Things I noticed:

1) ash.pikselin.net, the Frostgrave warband maker, is SO DANGED HELPFUL. It keeps an editable warband roster on your ipad, saves it online to your account, and enforces the math of buying a warband. The only thing it doesn’t do (yet) is add the little plusses and minuses of campaigning.
2) I love my new fantasy urban terrain cloth for Frostgrave. It’s perfect (see the pictures).
3) I’m pretty pleased with my Necromancer, Slade, but his spells were bogus. I need to think it through a little better next time. I made some stupid choices.. my opponents loaded up with Push, Teleport, Heal and Leap, very useful for this kind of game, and everything I had was either too hard to pull off or not of much use for getting treasure.
4) I’m also really pleased with the NorthStar figures I bought, but they could easily work with other 28mm fantasy figures too.

So, yeah, that was a thing. I’m liking Frostgrave a lot these days. I’m definitely up for playing more of it with a regular crowd of players.

IN HER MAJESTY’S NAME.. oh nooo, another project!


I’ve been trying to ratchet back on new periods .. okay, lets’ be honest.. I certainly think ratcheting back on new periods would be a good thing, I guess. It’s hard to achieve that goal lately, with the onrushing cult of the new that affects miniatures as well as boardgames. Latest example: IN HER MAJESTY’S NAME, imminent from Osprey Publishing. This has been a crowd-funded item from NORTHSTAR miniatures, but not, for once, from Kickstarter. In Her Majesty’s Name is a steampunk skirmish miniatures game by Craig Cartmell and Charles Mutton, to be published by Osprey Publishing in their “Little blue line” of odd period rules (I have two, as I have mentioned before– Dux Bellorum and A World Aflame). The descriptive blurb reads as follows:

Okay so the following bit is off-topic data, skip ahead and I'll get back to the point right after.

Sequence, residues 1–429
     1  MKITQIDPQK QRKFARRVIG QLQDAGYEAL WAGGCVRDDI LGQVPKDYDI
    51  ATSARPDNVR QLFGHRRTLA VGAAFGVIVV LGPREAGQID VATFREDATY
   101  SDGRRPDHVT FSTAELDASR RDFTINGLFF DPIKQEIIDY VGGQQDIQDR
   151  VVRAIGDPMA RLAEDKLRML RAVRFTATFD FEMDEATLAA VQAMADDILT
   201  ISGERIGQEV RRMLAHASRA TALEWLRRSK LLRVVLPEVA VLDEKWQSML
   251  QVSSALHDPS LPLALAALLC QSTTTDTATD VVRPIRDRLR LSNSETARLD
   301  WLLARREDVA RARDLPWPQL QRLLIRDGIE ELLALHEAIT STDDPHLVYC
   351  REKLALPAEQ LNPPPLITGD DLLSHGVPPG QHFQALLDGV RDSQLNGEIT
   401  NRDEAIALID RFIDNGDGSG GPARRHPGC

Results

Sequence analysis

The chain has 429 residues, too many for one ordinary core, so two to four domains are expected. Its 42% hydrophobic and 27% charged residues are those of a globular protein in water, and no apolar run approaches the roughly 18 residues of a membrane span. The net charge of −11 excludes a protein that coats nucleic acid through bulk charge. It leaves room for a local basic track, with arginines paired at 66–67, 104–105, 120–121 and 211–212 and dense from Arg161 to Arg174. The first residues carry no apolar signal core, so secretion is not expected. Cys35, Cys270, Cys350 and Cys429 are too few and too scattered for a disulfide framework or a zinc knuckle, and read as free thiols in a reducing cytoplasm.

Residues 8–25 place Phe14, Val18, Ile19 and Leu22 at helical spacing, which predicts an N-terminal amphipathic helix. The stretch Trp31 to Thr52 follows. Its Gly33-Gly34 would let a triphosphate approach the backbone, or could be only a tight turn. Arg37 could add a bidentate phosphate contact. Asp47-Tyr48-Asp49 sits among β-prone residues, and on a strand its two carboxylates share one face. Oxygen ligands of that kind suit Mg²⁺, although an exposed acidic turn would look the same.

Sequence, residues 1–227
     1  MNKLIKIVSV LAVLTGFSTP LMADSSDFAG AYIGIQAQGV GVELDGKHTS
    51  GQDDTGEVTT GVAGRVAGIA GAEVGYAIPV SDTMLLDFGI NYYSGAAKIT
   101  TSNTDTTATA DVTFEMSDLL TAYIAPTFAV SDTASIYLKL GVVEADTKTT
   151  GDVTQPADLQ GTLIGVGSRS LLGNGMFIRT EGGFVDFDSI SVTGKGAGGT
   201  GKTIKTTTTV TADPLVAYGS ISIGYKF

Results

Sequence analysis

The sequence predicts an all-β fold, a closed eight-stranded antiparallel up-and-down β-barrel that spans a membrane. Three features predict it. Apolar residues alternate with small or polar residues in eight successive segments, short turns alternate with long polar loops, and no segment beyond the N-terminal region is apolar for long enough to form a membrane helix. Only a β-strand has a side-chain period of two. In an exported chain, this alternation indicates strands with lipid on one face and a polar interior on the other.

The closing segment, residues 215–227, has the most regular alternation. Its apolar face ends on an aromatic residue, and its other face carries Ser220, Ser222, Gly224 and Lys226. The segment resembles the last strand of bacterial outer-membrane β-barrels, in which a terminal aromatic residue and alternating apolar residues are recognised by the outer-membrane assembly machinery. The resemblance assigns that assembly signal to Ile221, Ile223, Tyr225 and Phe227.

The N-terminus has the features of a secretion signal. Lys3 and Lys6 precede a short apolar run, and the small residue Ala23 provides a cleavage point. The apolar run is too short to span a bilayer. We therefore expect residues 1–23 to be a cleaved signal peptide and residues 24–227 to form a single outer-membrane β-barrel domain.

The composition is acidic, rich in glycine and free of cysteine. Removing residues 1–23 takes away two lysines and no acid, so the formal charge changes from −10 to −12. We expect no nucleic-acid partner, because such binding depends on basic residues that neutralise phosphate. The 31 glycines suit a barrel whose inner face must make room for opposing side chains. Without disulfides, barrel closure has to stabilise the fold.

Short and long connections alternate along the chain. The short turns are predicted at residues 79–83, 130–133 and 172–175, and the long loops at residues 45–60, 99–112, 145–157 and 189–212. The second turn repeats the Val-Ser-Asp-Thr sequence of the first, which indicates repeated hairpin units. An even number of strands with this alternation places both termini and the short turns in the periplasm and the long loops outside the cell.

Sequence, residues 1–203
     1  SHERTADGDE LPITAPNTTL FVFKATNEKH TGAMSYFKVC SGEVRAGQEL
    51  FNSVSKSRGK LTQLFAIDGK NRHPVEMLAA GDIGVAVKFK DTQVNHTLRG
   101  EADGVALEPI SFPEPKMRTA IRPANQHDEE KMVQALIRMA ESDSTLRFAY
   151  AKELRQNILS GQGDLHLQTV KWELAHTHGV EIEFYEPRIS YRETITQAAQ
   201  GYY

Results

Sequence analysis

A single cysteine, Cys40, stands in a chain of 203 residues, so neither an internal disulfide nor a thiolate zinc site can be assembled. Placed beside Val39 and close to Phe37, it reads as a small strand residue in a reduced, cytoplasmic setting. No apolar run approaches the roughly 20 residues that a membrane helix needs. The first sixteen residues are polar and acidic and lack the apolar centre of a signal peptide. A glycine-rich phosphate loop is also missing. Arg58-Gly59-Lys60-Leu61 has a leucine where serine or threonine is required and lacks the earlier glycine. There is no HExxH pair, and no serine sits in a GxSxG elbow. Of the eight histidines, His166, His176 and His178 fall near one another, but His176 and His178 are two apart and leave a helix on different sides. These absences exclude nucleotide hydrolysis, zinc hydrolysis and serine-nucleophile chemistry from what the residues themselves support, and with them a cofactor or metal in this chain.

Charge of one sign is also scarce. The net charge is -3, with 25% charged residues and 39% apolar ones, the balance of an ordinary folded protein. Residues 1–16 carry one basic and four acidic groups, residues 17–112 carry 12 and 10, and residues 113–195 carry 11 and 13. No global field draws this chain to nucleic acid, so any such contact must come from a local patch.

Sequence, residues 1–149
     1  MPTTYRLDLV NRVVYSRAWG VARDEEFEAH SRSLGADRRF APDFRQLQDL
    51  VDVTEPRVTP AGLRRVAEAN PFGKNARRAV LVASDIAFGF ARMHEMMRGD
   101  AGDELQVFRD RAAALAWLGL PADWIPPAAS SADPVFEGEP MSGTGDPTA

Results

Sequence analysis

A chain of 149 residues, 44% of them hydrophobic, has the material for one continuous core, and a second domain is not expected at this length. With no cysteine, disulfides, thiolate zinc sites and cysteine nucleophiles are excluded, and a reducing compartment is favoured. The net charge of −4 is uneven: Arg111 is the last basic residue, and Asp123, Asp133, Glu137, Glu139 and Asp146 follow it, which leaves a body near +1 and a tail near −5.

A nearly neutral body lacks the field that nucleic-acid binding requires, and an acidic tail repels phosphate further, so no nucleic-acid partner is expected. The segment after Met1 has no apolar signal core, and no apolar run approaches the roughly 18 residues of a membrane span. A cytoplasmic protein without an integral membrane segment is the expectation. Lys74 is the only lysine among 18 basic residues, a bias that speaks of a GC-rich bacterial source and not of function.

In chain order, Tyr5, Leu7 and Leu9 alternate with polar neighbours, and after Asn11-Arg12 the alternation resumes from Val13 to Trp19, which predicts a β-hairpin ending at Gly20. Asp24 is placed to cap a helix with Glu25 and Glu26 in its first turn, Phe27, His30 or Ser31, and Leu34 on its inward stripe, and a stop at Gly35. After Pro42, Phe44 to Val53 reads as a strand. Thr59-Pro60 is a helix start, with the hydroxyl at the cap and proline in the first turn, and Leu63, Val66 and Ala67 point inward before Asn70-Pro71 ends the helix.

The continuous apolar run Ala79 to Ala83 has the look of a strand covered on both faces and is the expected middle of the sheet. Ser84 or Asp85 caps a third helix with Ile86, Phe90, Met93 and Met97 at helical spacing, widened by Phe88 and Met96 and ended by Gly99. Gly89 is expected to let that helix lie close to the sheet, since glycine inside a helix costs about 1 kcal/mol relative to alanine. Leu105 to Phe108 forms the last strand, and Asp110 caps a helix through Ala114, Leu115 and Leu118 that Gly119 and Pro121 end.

It is 1895 and the world is in turmoil. In the decades to come, historians will reflect upon the cause of this state of affairs and many will point squarely at Charles Babbage. The perfection of first his Difference Engine, and then his Analytical Engine, gave the new scientific establishment in the Great Powers the tool they had so long needed in order to make a dramatic leap forward. The ability to make huge and repeatable sets of complex calculations revolutionized the world.

Within twenty years came the ‘invention’ of Cavorite, the perfection of miniaturized steam engines, electric light and motors, Radium Bricks, Arc weapons, Hydrogen and Helium Dirigibles, Road Trains, Calculating Artillery Engines, Sea and Land Dreadnoughts – the list is almost endless. Nothing is impossible when the wealth of a Great Power is coupled to the unlimited imagination of educated men of science and their engineers.

The one thing that all these marvellous advances have not brought is peace. Every Great Power has been jostling its neighbours for resources and more importantly, the latest technology. None can afford to stand still and allow its neighbours to advance their science and engineering unmolested. If they do, they risk being overwhelmed as the French were in 1861 by the Prussians’ mobile Calculating Artillery Engines, or as the Union was the year after that, with their ports put to the flame and successfully blockaded by the Confederacy’s Armoured Sea Dreadnoughts.